Over the long Independence Day weekend, the Washington Free Beacon published an essay by Waller Newell calling for renewed attention for what he calls the Next Best Books. These are works of history or literature that, while you wouldn’t file them away in the canon with books by Plato or Shakespeare or Hegel, nevertheless ought to have some claim on our lasting attention. Books by authors like Solzhenitsyn or Tuchman or Ortega y Gasset can help readers, especially younger readers, develop their political and psychological instincts, educating them about human nature, about greatness and great evil, and about what is required for a free society to endure.
Concluding that the universities have fallen down on this job, among so many others, Newell provided a provocative list of 15 history books "to get the ball rolling." The earliest among them, Gibbon’s Decline and Fall, was published beginning in 1776; the most recent, Bernard Lewis’s Crisis of Islam, appeared in 2003. Most of the volumes are products of the mid-twentieth century, with books by Churchill, Robert Conquest, and Karl Polyani among them.
Given that these are histories rather than, say, novels, an obvious objection arises: aren’t most of these books a little, well, out of date? If we really want young people to understand why the Roman Empire fell apart, is a book written during the decade America fought for its independence really the best place to look? If Rome’s transition from self-governing republic to monarchic empire seems important for students to understand, what utility could be found in Ronald Syme’s The Roman Revolution, originally published in in 1939?
The same objection could be applied to most of the books on this list, or any similar list. In the years since these volumes have been published, hasn’t there been important new research that later authors have usefully synthesized? And even if the books have certain superficial charms that haven’t been improved upon—the rich skill evident in Barbara Tuchman’s prose, for example—a now half-century-old account of the start of World War One by definition cannot include the latest developments in the scholarship pertaining to that period of history, right? Not to mention the latest developments in our understanding of history or politics or human nature in a broader way! So, superficial appeal or antiquarian affectations aside … why bother?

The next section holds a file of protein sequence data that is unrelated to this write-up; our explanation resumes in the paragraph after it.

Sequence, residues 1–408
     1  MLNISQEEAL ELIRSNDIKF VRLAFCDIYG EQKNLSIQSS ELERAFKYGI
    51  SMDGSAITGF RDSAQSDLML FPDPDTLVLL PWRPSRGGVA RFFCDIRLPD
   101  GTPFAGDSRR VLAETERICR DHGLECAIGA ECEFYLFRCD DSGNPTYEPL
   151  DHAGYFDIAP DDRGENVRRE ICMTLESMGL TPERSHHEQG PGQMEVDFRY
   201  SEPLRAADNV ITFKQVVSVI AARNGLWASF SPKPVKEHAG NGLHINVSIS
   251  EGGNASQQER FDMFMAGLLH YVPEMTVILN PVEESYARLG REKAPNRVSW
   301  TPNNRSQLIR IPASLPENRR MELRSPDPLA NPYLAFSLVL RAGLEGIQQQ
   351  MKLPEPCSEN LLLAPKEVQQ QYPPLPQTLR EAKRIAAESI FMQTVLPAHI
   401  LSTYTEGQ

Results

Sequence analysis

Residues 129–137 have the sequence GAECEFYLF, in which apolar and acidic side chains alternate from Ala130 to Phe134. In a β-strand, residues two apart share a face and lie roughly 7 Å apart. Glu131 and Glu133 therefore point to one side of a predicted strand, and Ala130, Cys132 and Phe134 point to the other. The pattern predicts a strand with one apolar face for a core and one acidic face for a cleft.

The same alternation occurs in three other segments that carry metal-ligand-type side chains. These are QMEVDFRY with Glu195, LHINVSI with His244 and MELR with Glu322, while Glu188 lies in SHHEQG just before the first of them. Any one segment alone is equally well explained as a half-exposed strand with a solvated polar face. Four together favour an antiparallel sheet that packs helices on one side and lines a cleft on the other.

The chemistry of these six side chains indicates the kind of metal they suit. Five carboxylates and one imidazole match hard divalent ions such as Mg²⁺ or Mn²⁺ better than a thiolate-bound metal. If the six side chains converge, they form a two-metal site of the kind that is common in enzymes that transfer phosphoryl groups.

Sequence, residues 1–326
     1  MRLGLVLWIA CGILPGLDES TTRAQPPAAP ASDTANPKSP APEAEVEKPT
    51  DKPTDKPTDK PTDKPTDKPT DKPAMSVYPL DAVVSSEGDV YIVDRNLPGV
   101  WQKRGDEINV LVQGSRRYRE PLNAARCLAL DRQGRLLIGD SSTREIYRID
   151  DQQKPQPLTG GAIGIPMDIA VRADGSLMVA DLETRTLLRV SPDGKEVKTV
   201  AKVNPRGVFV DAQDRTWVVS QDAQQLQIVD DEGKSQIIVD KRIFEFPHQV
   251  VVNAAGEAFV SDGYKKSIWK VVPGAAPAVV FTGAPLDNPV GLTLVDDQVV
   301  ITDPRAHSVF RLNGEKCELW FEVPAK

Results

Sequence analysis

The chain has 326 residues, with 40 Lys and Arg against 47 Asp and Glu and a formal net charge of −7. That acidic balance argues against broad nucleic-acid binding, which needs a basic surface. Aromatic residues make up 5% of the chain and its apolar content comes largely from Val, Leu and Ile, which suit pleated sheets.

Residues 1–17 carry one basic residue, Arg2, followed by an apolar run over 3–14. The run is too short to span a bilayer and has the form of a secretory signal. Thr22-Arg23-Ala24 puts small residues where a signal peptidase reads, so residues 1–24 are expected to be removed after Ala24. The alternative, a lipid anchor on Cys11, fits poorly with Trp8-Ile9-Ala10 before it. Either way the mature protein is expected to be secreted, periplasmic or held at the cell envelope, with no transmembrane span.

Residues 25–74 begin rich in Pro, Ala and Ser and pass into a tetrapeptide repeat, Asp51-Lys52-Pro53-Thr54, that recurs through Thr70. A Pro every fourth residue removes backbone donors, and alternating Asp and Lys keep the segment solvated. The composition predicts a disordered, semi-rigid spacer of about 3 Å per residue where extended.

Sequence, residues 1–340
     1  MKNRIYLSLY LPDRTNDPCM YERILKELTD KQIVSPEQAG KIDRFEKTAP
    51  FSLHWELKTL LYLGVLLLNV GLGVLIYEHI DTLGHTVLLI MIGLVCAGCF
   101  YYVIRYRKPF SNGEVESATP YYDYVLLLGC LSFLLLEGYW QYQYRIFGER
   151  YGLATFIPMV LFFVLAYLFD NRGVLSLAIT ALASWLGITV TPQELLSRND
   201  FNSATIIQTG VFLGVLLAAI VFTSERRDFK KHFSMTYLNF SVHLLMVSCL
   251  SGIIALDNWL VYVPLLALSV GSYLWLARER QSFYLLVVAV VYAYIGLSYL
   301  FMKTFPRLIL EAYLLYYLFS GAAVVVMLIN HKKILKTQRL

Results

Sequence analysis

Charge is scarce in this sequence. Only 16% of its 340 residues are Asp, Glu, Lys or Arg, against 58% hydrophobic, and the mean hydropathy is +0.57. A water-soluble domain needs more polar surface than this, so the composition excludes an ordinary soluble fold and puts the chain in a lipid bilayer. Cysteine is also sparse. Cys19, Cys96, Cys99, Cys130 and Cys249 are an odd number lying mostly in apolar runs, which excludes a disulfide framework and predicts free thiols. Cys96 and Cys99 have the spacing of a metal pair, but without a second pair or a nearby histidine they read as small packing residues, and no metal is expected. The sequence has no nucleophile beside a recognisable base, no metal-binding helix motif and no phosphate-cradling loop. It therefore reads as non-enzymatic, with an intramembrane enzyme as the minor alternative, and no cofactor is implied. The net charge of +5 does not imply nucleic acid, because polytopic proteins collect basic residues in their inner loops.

Here’s why. The strongest point that can be made in favor of systematically preferring more recent histories to their predecessors is that later writers have access to more and better data. That later writers know more facts is generally true—though not universally, and certainly not before the era of modern western scholarship. (An interesting feature of medieval Arabic histories of the origins of Islam is that the later histories indeed tend to be longer than the earlier ones—chock full of inventions and fabrications that were passed off as discoveries.) But the flaw in this argument is the assumption that the main reason to read history is to determine the facts of the period in question to the greatest degree possible—to learn what really happened, or what von Ranke called wie es eigentlich gewesen (which sounds much more impressive).
While knowledge of facts is important, it is not the only important thing, and some facts bear more significance than others. Moreover, most intelligent people who read a book and then move on will forget all but the most critical facts, anyway. What they are more likely to retain is the psychological or political analysis of the author—his or her insights into the causes of events, or into why a certain sort of person behaved in a given way under certain conditions. This is why, despite their antiquated biases or lack of access to the techniques of modern scholarship, there’s still much benefit to reading Herodotus’ profile of the shifty Athenian politician Themistocles, or his account of the Spartans at Thermopylae; or to examining Thucydides’ grim observation that the Peloponnesian War began in part because of Sparta’s fear of Athenian power.